Equally important is the ability to discover the difference between what the domain experts know and what their intended user audience knows. This is often where the term “stupid user” first creeps into the vocabulary. We might hear from time to time, “Yes, our users are really smart about science, but they are stupid when it comes to understanding our software.”

A little piece of us dies every time we hear that.

Herein lies the greatest opportunity for dominating your market. If you learn the world of your intended user audience, you have the opportunity to discover the simple design changes that will confound your competitors. This is the reason we refer to our designers as High-Tech Anthropologists®. The only way to discover these opportunities is to spend time studying users in their native environment. It’s not about surveys, focus groups, or clever interview questions. It is about compassionate observation, curiosity, and — quite frankly — humility.

Why humility?

We make loads of design mistakes as we move incrementally toward a great design. We never ask during design assessments whether or not people like our designs. We ask them to accomplish a small goal with the design in front of them. Often they struggle to use what we first believed was a fine user interface. It is in these struggles where the greatest opportunities for innovation occur. As soon as they get stuck trying to accomplish a goal with the design we’ve put in front of them, we ask a simple question: “What were you looking for?” Similarly if they make a “mistake” with the interface, we humbly allow them to continue without correction, noting the need to circle back and identify the source of the design error.

So again, why humility? Without humility we are not likely to bite our tongues when a user takes an unexpected turn. Without humility we would proudly “teach them” why our design is correct. Without humility, the designs we create would only work when we are sitting there with the users.

A humble attitude fuels our most powerful design belief:  there are no “stupid users,” only stupid designs.

The Joy of Great Design

By , August 16, 2010 11:43 am

Of all the things that make Menlo Innovations special, our High-Tech Anthropology® practice probably falls into the category of “most special.” It is our High-Tech Anthropologists® who first coined the mission “to end human suffering in the world as it relates to technology.™”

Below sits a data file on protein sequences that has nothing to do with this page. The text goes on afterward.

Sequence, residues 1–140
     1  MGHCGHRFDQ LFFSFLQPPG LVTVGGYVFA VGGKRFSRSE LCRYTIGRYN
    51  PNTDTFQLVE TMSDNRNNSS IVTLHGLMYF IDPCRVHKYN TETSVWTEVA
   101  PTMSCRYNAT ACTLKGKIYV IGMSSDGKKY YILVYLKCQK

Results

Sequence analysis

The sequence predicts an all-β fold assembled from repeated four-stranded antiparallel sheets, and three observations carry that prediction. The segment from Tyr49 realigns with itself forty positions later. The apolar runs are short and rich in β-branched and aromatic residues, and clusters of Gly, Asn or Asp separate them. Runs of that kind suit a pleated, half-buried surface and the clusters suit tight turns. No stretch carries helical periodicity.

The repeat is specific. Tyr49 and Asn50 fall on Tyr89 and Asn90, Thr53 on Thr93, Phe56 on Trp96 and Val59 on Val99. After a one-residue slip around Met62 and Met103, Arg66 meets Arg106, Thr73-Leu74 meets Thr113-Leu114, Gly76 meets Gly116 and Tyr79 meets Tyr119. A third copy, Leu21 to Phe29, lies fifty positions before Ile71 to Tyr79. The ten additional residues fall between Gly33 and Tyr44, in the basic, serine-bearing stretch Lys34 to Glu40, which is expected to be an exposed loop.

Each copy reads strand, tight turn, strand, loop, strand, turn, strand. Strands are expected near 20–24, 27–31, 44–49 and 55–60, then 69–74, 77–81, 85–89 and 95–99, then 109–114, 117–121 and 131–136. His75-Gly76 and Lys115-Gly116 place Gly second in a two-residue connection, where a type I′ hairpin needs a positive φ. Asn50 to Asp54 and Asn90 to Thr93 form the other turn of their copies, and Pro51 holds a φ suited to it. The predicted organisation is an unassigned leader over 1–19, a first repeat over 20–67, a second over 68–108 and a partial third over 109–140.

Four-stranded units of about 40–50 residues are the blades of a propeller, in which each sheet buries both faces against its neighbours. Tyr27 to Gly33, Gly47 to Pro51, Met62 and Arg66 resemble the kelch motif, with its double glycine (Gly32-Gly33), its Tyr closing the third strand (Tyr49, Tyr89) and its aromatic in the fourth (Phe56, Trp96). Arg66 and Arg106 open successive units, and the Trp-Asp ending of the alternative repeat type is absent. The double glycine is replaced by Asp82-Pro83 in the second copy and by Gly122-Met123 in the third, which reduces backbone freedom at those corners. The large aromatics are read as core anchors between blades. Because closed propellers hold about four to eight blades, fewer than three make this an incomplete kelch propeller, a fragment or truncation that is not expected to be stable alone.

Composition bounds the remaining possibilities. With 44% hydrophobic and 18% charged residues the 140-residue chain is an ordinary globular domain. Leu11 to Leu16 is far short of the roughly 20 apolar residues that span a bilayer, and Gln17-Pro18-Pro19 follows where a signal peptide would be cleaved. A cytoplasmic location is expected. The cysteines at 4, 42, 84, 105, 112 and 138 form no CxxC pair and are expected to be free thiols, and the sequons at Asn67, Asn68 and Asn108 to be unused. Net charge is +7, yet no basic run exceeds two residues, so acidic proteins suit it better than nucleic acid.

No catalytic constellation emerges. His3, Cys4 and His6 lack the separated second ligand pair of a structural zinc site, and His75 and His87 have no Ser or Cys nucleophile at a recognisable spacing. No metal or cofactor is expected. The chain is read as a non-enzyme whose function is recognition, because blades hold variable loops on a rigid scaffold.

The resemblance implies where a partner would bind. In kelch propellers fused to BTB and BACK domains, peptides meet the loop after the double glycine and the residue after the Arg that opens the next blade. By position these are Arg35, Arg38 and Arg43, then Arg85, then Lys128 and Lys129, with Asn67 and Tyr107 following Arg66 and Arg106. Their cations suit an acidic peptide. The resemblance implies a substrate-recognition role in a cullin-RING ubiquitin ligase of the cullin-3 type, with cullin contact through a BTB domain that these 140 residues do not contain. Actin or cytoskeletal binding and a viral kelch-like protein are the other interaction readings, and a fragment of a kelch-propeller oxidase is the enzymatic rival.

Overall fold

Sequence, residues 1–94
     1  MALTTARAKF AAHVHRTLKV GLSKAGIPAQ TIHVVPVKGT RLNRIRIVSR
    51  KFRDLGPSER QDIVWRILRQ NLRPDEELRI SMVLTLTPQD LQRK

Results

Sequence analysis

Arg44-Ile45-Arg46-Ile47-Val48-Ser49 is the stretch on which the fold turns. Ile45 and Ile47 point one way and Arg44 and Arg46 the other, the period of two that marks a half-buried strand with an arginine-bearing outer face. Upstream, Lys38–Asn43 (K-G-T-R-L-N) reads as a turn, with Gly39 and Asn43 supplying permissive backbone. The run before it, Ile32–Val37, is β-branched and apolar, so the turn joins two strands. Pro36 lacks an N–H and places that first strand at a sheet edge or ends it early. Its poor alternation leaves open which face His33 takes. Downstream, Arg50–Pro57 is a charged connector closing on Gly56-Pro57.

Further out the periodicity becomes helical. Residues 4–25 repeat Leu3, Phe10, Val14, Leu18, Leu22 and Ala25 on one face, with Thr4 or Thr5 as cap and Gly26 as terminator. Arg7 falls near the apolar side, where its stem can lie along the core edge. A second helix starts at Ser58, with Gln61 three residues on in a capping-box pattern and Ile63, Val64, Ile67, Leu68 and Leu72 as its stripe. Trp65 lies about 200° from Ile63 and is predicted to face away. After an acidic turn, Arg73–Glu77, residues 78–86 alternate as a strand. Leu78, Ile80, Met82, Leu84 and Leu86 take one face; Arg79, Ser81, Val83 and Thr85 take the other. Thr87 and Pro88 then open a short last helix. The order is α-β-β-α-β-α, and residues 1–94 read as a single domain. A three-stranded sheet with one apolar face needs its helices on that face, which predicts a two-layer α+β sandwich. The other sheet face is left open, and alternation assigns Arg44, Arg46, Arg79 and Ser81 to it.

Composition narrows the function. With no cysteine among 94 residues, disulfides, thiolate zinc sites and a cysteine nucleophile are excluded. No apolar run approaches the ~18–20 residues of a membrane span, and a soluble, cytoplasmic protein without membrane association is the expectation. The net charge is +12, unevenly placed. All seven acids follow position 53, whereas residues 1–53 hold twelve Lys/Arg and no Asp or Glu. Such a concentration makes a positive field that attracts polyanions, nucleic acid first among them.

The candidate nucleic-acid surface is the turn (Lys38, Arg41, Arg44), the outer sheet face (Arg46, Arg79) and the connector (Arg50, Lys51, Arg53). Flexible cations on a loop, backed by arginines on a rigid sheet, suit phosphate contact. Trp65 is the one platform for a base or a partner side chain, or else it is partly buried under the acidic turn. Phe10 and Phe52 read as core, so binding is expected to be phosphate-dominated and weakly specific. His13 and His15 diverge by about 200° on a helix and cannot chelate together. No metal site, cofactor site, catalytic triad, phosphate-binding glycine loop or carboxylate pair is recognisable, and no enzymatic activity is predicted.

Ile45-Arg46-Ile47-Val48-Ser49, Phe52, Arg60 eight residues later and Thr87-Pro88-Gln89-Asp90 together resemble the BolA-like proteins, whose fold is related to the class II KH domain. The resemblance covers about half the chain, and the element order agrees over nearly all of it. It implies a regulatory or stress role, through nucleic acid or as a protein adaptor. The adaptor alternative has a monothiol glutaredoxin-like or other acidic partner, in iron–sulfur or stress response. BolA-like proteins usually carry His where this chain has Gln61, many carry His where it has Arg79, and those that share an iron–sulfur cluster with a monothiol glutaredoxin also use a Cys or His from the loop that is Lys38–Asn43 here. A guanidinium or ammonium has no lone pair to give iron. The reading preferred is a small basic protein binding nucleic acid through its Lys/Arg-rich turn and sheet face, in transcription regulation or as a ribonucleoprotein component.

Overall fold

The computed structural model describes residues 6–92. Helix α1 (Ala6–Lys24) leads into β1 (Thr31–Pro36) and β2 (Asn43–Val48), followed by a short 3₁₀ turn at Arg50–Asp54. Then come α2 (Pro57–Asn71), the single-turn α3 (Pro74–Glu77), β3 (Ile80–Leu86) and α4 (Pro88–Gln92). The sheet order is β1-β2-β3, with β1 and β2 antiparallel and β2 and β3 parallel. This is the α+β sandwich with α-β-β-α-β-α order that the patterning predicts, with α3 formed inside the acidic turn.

We fundamentally believe that there can and should be joy in software design and development. How does joy manifest itself for a software team? Beyond great collaboration, a fun work environment,  and team members you enjoy working with, there is one over-arching characteristic that defines joy: thrilling the end users of the software we design and build. Building software is hard work. Knowing that our hard work is improving the lives of others is the greatest single source of satisfaction for our team. I believe this is true throughout our industry.

The other day I got to feel this joy up-close and personal. I was doing Weekend Warrior work around the house and found myself in the Ace Hardware parking lot loading bags of topsoil into my Saturn VUE. I had to block-in another car to ease the loading process and as luck would have it, the owner of that car showed up at just the wrong time. I apologized and said I’d be be finished in a couple of minutes. His reaction was fun and unexpected. I was wearing a t-shirt from one of our top customers, Accuri Cytometers. He pointed at my shirt, smiled and said, “I use that product every day!” I commented that my company built the software that goes with the product he uses. “I love that software. You guys did a great job!”

I was reminded in that moment of the joy produced by great design.

I made sure to share that story at Monday’s daily stand-up. Everyone smiled. We’ve known for years that we did a good job, maybe even a great job, on designing and building the CFlow software for Accuri Cytometers. However, it never hurts to hear an unsolicited testimonial from a happy user.

Kidnapping a User Seemed Like a Good Idea

By , April 1, 2010 11:48 am

I frequently see teams implement a bad strategy that came disguised as a good idea. I call this strategy “kidnap a user and make them part of the development team.”

As you know, I am a strong proponent of involving real users in the software development process. The question is, “Is kidnapping the user and making them part of the team a good way to elicit user input?”

The answer, “Absolutely not.”

The reasons this strategy fails are too numerous to fully catalog here, so I’ll cover just the top few.

First, it fails with how candidates are selected. Typically, this is a very benevolent kidnapping. Its starts with the development team polling the end user community and asking, “who would like to be kidnapped?” We saw this plan play out at a scientific company. The end user “scientists” who jumped up and down and called out “pick me” had a significant bias: they didn’t want to be scientists any more. These “typical” end users were learning Java at home and really wanted to be part of a software team instead of a scientific team. Can you already sense the danger here? The resulting system was very usable – by power users, or at least by “one specific” power user. But the average user did not find the resulting application either useful or usable.

When I asked the development manager about the application, he told me how “great” it was. I asked him how many target users there were for the application. He indicated there were about 300 potential scientific users at this lab. I then asked him how many were actually using it. The answer, “About six.” How sad. He expressed his frustration to me. They had made multiple presentations advertising the availability of the new application, but no one was following up to actually use it. Within six months, this entire development team was laid off. An unfortunate but predictable outcome.